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Better answers often await better questions. In the wake of a recent series of provocative articles dealing with contested tender offers, several questions have been vigorously debated:

(1) Should management of the target company be allowed to resist a hostile tender offer in order to remain an independent company? Which, if any, of the various "shark repellent" measures by which a potential target can make itself unattractive to a bidder are justified?;

(2) If defensive tactics were generally forbidden, should the target company's management still be permitted to encourage competing bids thereby creating an auction?; and

(3) Do hostile takeovers in the aggregate promote economic efficiency or only a preoccupation with short-run profit maximization at the expense of strategic planning, research, and innovation?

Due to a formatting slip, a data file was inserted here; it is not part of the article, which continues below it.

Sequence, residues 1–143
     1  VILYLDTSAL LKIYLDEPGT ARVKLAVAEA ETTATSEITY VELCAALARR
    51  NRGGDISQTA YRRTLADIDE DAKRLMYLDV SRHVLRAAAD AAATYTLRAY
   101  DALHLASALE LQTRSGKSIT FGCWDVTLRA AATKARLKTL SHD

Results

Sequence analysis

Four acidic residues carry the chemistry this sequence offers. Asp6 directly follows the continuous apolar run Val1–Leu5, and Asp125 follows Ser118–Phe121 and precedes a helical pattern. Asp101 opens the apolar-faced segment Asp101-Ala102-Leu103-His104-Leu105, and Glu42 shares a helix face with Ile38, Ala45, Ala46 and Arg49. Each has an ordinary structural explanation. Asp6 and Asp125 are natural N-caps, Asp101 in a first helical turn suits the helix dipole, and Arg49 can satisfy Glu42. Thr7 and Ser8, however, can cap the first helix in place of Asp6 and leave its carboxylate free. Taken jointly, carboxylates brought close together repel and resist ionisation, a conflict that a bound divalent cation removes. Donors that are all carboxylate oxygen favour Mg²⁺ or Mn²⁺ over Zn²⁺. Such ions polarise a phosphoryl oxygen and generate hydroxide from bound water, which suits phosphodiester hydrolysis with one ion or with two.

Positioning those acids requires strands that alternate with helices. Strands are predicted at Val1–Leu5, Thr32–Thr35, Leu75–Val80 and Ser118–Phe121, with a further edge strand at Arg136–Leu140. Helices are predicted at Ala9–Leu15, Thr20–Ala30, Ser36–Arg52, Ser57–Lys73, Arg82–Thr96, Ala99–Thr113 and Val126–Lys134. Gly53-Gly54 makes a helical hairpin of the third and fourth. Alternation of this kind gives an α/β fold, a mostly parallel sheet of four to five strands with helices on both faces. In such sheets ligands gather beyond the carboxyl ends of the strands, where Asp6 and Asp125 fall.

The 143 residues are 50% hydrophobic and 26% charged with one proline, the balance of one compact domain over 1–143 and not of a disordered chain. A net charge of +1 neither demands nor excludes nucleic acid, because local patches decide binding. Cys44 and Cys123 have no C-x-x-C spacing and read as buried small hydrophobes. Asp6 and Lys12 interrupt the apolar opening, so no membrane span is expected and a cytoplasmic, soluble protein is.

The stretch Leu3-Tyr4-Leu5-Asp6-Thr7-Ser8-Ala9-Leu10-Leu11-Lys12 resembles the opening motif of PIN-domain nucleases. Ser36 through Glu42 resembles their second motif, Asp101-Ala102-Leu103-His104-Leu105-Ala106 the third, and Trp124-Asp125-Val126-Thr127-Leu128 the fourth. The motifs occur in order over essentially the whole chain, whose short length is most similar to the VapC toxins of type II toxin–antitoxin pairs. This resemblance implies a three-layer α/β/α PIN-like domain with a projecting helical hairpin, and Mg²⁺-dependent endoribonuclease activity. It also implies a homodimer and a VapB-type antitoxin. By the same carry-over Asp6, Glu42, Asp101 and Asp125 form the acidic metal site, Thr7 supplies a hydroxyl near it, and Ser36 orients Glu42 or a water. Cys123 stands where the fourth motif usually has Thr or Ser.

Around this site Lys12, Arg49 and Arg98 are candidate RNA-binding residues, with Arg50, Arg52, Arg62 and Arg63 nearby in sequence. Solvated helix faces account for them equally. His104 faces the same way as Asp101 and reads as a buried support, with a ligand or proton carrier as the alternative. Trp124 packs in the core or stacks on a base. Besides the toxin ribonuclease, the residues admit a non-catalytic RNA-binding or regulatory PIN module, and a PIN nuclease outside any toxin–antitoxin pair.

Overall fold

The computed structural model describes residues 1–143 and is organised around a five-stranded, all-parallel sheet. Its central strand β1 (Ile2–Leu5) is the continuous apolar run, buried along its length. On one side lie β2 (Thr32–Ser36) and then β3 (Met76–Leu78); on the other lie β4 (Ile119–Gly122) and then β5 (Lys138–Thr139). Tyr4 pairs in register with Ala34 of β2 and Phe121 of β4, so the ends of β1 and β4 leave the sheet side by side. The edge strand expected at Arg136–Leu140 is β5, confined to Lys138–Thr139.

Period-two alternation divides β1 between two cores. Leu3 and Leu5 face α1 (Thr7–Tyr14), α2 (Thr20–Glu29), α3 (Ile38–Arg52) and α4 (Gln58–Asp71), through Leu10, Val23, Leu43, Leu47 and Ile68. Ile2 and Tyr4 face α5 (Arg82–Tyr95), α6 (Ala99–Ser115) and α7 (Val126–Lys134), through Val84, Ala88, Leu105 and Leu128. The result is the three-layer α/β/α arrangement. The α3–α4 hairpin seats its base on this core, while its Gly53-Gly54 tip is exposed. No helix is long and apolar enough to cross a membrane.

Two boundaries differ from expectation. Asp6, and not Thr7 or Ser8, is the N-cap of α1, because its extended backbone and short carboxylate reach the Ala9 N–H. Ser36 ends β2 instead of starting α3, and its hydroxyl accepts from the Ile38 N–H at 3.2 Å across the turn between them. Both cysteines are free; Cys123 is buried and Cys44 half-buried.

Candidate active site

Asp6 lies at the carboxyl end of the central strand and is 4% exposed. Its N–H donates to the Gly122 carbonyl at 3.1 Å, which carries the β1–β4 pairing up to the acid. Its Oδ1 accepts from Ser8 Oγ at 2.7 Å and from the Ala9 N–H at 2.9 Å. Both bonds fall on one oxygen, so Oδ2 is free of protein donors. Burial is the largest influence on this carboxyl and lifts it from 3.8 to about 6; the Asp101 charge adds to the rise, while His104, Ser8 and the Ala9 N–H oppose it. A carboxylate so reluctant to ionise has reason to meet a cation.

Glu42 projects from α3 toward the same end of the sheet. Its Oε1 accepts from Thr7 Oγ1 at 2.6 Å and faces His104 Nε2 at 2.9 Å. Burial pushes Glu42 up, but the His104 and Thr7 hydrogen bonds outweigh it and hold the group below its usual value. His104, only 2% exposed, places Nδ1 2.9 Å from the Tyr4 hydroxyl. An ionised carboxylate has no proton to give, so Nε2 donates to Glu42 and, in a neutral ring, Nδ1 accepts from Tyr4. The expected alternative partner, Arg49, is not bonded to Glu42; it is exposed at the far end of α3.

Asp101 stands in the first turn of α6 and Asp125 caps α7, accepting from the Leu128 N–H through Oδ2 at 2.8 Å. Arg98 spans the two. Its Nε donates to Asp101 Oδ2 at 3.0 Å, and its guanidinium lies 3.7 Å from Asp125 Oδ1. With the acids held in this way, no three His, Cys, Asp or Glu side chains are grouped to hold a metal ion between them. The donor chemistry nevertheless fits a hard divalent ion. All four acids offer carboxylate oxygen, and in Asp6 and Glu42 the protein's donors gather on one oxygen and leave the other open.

Significant as these issues sound, it is nonetheless the thesis of this Article that these are the wrong questions from which to undertake a public policy analysis of the hostile takeover. Put bluntly, these are questions of secondary (albeit substantial) significance, because they either presuppose the answers to more fundamental questions or assume that the hostile takeover is a monolithic phenomenon, which, depending on the commentator, is either efficiency enhancing or inhibiting and which therefore should either be encouraged or discouraged in the aggregate. The fallacy in this over-aggregated perspective is that it ignores the possibility that takeovers may have varied and even offsetting effects. Some takeovers may promote economic efficiency, some may result in a misallocation of economic resources, and some may be neutral in terms of economic efficiency, but involve substantial wealth transfers between the participating classes that arguably are involuntary.


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